The Flint Knapper

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Published on: Dec. 2, 1998

Last revision: Nov. 3, 2010

much variance at 20 yards. The steel points he used to shoot weigh about 125 grains, and his stone points are similar; he adds that the lighter ones may shoot a little high. He also makes arrowheads for practice shooting as well as hunting broadheads. When he hunts, he carries only stone points-there is no steel to fall back on.

He likes obsidian points because they are so sharp; he buys the obsidian in chunks or in sawed pieces.

"Many people here don't value flint knapping," Murphy says. "If a child wants one of my arrowheads, a parent may say, 'Oh, your dad has some of those in a shoe box at home.' But now and then you get someone who comes along and sees it in a different light, sees and understands the art of it. It's an artisan thing." He thinks the old ways of living are disappearing as the world becomes more caught up in technology. Murphy smiles when he says, "I think I'm becoming an antique."

Murphy displays his work at shows in Missouri, Illinois and Iowa. His pieces also are sold at shops in South Dakota and Italy. He says flint knapping is strictly a commercial business for him, and that he does not misrepresent his work. He doesn't want people to mistake it for archaeological artifacts, and he often uses exotic stones that anyone with a little knowledge of flint knapping would immediately recognize as modern and not primitive. "You can heat treat a knife blade, but no one would think it was authentic because primitive knife blades were never heated," he says.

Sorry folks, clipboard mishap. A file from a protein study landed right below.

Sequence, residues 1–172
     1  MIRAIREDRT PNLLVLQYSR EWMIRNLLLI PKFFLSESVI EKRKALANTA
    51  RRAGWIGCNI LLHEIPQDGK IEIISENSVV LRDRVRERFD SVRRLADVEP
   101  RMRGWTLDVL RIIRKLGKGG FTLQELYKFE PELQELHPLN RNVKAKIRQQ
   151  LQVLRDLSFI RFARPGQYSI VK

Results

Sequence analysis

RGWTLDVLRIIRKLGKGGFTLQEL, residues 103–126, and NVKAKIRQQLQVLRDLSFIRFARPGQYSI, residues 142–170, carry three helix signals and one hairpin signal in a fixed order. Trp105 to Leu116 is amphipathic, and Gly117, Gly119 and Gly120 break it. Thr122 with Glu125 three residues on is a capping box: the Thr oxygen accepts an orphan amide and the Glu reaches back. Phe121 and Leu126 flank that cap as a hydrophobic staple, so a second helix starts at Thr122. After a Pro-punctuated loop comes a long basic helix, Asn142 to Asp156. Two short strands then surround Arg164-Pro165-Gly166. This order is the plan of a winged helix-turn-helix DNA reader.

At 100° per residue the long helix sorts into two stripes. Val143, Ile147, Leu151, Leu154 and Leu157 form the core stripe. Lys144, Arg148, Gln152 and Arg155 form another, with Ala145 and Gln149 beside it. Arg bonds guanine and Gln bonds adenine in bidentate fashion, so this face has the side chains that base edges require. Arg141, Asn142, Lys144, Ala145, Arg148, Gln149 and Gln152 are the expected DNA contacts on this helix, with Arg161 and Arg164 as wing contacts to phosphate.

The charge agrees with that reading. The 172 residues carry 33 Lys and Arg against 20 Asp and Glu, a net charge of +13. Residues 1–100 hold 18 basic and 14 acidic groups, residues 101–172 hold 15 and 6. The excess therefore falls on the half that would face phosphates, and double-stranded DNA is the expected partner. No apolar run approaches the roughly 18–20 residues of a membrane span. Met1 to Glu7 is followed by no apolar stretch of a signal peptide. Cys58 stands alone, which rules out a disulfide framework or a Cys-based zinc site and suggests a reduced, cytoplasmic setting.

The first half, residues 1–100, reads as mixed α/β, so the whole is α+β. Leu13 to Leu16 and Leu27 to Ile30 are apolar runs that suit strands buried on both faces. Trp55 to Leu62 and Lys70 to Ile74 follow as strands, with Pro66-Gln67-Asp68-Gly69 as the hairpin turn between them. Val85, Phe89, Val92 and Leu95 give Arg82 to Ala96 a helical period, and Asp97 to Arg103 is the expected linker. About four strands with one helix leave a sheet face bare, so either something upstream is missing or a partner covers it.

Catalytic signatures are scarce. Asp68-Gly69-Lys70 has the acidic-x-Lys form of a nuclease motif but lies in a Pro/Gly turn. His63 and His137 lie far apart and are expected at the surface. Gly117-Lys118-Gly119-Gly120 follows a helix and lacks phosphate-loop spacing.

"If I wanted to cheat, I could be getting $450 for a piece rather than $45. I avoid people I suspect of that; they don't get invited to Italy to demonstrate their art." Murphy says he is suspicious of customers looking for authentic pieces made of raw stone. He says most people buy his work just to display it at home. Knife collectors often want to have at least one stone knife among their collection of steel blades. Murphy urges people to use his pieces to hunt with as well as for show.

Tim Murphy is keeping alive an art form that helped humans thrive in a time when the only meat available for dinner was the meat you killed and dressed yourself. He hopes one day to help teach American Indians a craft that many have never encountered in their modern lives. With the gumption to move 8,000 pounds of rock with him on his journey through life, Murphy should have no problem with that task.

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